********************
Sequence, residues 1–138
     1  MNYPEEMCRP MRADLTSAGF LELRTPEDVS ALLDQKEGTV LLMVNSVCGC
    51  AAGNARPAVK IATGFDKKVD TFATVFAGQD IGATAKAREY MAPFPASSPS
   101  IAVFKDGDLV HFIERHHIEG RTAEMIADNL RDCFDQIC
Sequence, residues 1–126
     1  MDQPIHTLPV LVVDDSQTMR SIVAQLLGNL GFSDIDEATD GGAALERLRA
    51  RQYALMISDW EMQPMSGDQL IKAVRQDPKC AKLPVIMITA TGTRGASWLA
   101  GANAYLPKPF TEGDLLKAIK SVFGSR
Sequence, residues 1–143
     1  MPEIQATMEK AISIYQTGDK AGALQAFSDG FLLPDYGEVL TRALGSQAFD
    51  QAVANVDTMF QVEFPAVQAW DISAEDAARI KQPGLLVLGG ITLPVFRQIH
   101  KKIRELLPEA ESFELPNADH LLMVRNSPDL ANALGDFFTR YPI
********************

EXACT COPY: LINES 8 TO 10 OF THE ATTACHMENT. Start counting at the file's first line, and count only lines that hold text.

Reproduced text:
   101  GANAYLPKPF TEGDLLKAIK SVFGSR
Sequence, residues 1–143
     1  MPEIQATMEK AISIYQTGDK AGALQAFSDG FLLPDYGEVL TRALGSQAFD